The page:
Weight loss isn’t easy and there are no quick fixes.
The formula might be simple – take in fewer calories than you use, and you will lose weight, but this requires discipline both in the kitchen and in the gym and so it’s tempting to look for an easier way.
Here we explore common weight loss gimmicks, including detoxes, diet pills and crash diets and explain why simply eating less and moving more is way more effective.
The truth about weight loss
With so much conflicting information out there on weight loss, it’s hard to cut through the noise and avoid the latest fads.
Remember that the only sustainable way to lose weight is eating fewer calories and doing more exercise, whether that’s lifting weights, hitting the treadmill or taking the dog for a walk.
The quick fixes that we explore below might help you drop weight in the short term but the only way to maintain your optimum weight is by incorporating eating healthily and staying active into your daily lifestyle.
There are lots of ways to get started on your healthy weight loss journey.
The detox weight loss myth
When it comes to weight loss, we hear lots about the dreaded, ‘detox.’
From cucumber juices to cabbage soup and the detox teas promoted by celebrities on Instagram, you could be forgiven for thinking that detox is the answer to losing pounds fast in a healthy way.
Touted as a full cleanse for your body, the very idea of flushing your body of toxins and impurities is often nothing more than a scam.
Depending on the detox product that you chose, it’s also potentially dangerous.
“A bogus treatment that allegedly detoxifies your body of toxins,”
Speaking to the Guardian, Edzard Ernst, emeritus professor of complementary medicine at Exeter University, said:
“Let’s be clear,” “there are two types of detox: one is respectable and the other isn’t.”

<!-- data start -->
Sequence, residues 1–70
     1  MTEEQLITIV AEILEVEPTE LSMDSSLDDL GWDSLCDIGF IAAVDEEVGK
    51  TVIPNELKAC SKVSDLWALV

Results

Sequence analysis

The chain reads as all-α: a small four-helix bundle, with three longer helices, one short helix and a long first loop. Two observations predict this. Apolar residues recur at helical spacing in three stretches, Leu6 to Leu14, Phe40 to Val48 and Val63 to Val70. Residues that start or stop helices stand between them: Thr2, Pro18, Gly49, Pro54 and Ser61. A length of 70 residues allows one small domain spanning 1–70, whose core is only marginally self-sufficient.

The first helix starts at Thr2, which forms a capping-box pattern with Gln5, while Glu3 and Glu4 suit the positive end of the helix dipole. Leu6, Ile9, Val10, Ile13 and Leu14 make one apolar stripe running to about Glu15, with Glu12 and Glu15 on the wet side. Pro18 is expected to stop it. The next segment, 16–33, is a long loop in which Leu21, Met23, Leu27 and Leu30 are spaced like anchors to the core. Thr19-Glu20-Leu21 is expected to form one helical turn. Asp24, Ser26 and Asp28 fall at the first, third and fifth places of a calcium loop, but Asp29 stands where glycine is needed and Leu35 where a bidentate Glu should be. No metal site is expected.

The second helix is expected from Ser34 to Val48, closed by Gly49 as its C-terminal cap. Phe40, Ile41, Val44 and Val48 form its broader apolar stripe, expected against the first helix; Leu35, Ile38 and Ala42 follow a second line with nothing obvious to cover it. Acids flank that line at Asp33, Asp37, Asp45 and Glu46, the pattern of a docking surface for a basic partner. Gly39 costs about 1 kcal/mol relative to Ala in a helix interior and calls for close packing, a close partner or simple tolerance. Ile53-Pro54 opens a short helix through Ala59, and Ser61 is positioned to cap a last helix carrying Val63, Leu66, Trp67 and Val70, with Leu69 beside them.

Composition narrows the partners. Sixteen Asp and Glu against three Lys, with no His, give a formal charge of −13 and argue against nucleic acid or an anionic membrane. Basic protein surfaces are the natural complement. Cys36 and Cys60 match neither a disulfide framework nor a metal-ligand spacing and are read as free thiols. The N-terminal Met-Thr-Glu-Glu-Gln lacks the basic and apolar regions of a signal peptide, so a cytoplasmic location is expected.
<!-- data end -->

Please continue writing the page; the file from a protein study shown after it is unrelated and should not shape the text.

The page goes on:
The respectable one, he says, is the medical treatment of people with life-threatening drug addictions.
“The other is the word being hijacked by entrepreneurs, quacks and charlatans to sell a bogus treatment that allegedly detoxifies your body of toxins you’re supposed to have accumulated.”
If toxins did build up in a way your body couldn’t excrete, he says, you’d likely be dead or in need of serious medical intervention.
“The healthy body has kidneys, a liver, skin, even lungs that are detoxifying as we speak,” he says.
“There is no known way – certainly not through detox treatments – to make something that works perfectly well in a healthy body work better.”
Detox tea for weight loss
Professor Stephen Powis argues that platforms like Instagram and Facebook, have a responsibility when it comes to protecting the wellbeing of its younger users and that ads for products such as detox teas and diet pills can have a damaging effect.
Despite being advertised as natural products, many contain senna, which is a laxative made from the leaves and fruit of the senna plant.
In January, former The Only Way Is Essex star Lucy Mecklenburgh urged her followers to steer clear of such teas, claiming that most of them “will just make you go to the toilet”.
Diet pills for weight loss
Another quick fix for weight loss that is a gimmick at best and dangerous at worst, diet pills should be avoided altogether.
They typically work by suppressing your appetite, which is a recipe for disaster and can throw off your bodys’ ability to regulate itself.
The Kenzai website explains how the pills work:
“The majority of diet pills fall into this category. By activating certain hormones, a substance can kick-start your body’s sympathetic response (fight-or-flight) system.
“When your body is in the hyper-alert, ready-for-action state, your appetite disappears. This is very useful for dealing with a one-off emergency, but when you keep your body in this state day after day, you start to feel pretty horrible.”
Common complaints are insomnia and jitteriness, along with hypertension as the heart pumps in an emergency like conditions all day. Even more serious complaints include depression, dementia, stroke and heart attack.
Other potential side effects from diet pills include irregular heartbeat, upset stomach, loose stools, and insomnia.
Crash diets for dropping pounds
If you want to lose weight, then a super restricted diet will help you lose weight – in the short term.
You will, however, burn off muscle and not fat, at the same time starving your body of essential nutrients – slowing your metabolism right down.
Opt for a sustainable diet plan to watch the weigh reduce gradually and chose a plan that you will stick to – it will work far better in the long run, we promise.